After more than a decade of wrangling on how to replace the aging Alaskan Way Viaduct, Seattle voters on Tuesday said the city should stop dithering and move ahead with a controversial $2 billion Highway 99 tunnel.

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After more than a decade of wrangling on how to replace the aging Alaskan Way Viaduct, Seattle voters on Tuesday said the city should stop dithering and move ahead with a controversial $2 billion Highway 99 tunnel.

In a rebuke to Seattle Mayor Mike McGinn and other tunnel opponents, nearly 60 percent of the votes counted Tuesday were in support of the project.

At the pro-tunnel party at Pier 57 on the Seattle waterfront, supporters cheered and hugged. “I think people really wanted to move on. They wanted to be done with this debate,” said Councilmember Tom Rasmussen.

McGinn kept a low profile during the run-up to the vote and remained out of public view Tuesday night. In a brief statement, he accepted the results: “I worked to give the public a direct vote … The public said move ahead with the tunnel, and that’s what we’re going to do.”

At a Capitol Hill bar packed with tunnel opponents, the previously boisterous crowd fell silent as the lopsided outcome was announced.

Councilmember Mike O’Brien, a tunnel foe, called it a “decisive” result, and said “the people of Seattle are ready to move forward.” He called on tunnel opponents to take the loss graciously and work to make the tunnel the best possible project for the city.

But not all opponents were satisfied. Anti-tunnel activist Elizabeth Campbell issued a statement calling the Referendum 1 vote “far from a decisive victory” and vowed to continue her efforts.

The $2 billion tunnel is the most controversial part of the $3.1 billion state project to replace Seattle’s creaky double-decker waterfront highway that was damaged in the 2001 Nisqually earthquake.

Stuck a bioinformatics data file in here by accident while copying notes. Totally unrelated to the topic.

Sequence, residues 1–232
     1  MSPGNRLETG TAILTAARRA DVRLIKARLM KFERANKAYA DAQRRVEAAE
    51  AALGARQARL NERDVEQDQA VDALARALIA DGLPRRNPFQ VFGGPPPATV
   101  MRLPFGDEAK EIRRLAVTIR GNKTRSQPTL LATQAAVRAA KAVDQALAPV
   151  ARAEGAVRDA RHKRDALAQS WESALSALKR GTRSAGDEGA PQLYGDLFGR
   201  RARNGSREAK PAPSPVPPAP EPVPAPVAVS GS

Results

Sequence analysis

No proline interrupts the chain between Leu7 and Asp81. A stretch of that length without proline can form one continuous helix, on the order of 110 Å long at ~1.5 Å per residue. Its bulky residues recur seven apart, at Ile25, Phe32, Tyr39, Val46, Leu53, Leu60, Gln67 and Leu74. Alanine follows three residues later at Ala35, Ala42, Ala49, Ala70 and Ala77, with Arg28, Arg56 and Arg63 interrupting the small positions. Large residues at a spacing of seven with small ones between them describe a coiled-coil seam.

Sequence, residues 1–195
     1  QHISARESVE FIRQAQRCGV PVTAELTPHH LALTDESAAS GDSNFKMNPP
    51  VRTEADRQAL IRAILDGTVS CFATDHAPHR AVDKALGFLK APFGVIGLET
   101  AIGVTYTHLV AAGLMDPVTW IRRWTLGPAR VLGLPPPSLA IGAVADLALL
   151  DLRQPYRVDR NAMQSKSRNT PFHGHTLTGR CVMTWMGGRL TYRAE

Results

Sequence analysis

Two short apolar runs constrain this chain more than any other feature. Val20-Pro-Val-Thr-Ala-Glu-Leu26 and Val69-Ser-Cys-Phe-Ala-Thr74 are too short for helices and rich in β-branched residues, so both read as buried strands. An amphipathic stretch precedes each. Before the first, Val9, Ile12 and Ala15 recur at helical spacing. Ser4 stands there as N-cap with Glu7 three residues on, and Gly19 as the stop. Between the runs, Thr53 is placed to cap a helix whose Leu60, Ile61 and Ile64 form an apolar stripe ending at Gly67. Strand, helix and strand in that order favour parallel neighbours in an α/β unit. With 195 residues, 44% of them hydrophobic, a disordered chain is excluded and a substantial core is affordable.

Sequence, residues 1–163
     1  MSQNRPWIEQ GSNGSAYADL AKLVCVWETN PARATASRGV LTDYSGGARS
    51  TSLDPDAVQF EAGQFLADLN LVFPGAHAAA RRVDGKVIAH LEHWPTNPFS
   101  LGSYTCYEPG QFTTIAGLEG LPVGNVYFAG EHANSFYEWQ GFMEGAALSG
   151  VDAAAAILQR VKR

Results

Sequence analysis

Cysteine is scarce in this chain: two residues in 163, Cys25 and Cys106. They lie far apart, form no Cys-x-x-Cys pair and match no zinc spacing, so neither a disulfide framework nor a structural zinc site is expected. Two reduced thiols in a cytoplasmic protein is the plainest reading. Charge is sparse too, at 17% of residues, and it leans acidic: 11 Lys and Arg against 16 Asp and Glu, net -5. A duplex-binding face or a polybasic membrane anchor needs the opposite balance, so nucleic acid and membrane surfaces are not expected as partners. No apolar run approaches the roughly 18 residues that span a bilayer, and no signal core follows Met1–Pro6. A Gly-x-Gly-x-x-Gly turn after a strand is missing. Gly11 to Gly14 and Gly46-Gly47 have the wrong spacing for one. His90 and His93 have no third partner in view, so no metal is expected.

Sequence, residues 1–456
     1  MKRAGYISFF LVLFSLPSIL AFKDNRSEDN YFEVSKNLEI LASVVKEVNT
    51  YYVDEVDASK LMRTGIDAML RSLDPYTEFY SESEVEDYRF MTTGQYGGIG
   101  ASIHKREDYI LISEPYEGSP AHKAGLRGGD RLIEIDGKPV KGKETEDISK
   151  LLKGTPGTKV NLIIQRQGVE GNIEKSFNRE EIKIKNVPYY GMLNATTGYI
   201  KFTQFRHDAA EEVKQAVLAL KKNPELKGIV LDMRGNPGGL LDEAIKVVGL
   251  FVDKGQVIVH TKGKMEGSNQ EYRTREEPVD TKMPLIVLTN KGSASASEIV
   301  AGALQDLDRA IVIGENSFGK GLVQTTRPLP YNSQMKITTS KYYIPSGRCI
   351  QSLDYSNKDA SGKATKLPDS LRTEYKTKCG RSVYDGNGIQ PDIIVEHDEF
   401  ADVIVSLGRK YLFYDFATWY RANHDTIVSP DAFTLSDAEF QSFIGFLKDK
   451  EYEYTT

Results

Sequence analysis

The vote was a relief for supporters of the project, including Gov. Chris Gregoire and eight of the nine members of the City Council. Supporters, who also included the city’s political, labor and business leaders, said the tunnel would maintain freight mobility, preserve a vital north-south corridor and open the waterfront to a public parkway.

As the sun set over the Olympics, pro-tunnel Councilmember Richard Conlin said the scene from Pier 57 made him think of what the entire waterfront would look like if the viaduct were removed.

In a statement Tuesday night, Gregoire said the vote sent a clear message that “enough is enough.”

Even before Tuesday’s outcome, the state was determined to press ahead with the project. Contracts have been awarded and groundbreaking is scheduled for early next month. The tunnel is supposed to be completed by December 2015.

The referendum was seen as a measure of public support for the tunnel, even if the actual ballot language was on a narrow question of whether the City Council should approve technical agreements with the state on the project.

Barring a major turnaround in later vote counts, Tuesday’s result clears one of the last political hurdles for the long-debated viaduct replacement.

Tunnel supporters portrayed McGinn as an obstructionist whose referendum would only prolong the process of replacing the viaduct. The Let’s Move Forward campaign also reminded voters that on the eve of the 2009 mayoral election, McGinn promised to not withhold the city’s cooperation on the project.

The pro-tunnel forces vastly outspent the opposition, raising $447,521, much of it from major business interests.

Protect Seattle Now, the anti-tunnel campaign, raised $95,374. But more than half its donations came before April, when it was gathering signatures to get the measure on the ballot. The Sierra Club was the biggest donor with $13,120.

Two McGinn staff members took leaves of absence to work on the signature-gathering effort. McGinn and O’Brien hosted fundraisers; McGinn’s campaign consultant Bill Broadhead donated $5,000 and McGinn’s wife donated $500.

Protect Seattle Now, with support from the Sierra Club, Real Change newspaper, and a citizens group that favors a viaduct rebuild, submitted more than 29,000 signatures to the city March 29 to qualify the referendum for the ballot. That day, City Attorney Pete Holmes filed a lawsuit challenging the measure’s legality.

King County Superior Court Judge Laura Gene Middaugh ruled in May that one clause of the council ordinance adopting the tunnel agreements could go to voters as a referendum. That clause directs the council to give notice to the state to proceed once the final environmental reviews are completed and the project is approved by the federal government.

The narrow, procedural ruling left tunnel backers arguing that the vote would have no legal effect on the project, while McGinn and anti-tunnel activists said it would be a referendum on whether the city supported the project. Faced with poor poll numbers on their favored surface-transit option, tunnel opponents were left criticizing the tunnel but offering no funded alternative.

Lynn Thompson: 206-464-8305


Staff reporter J.B. Wogan contributed to this report.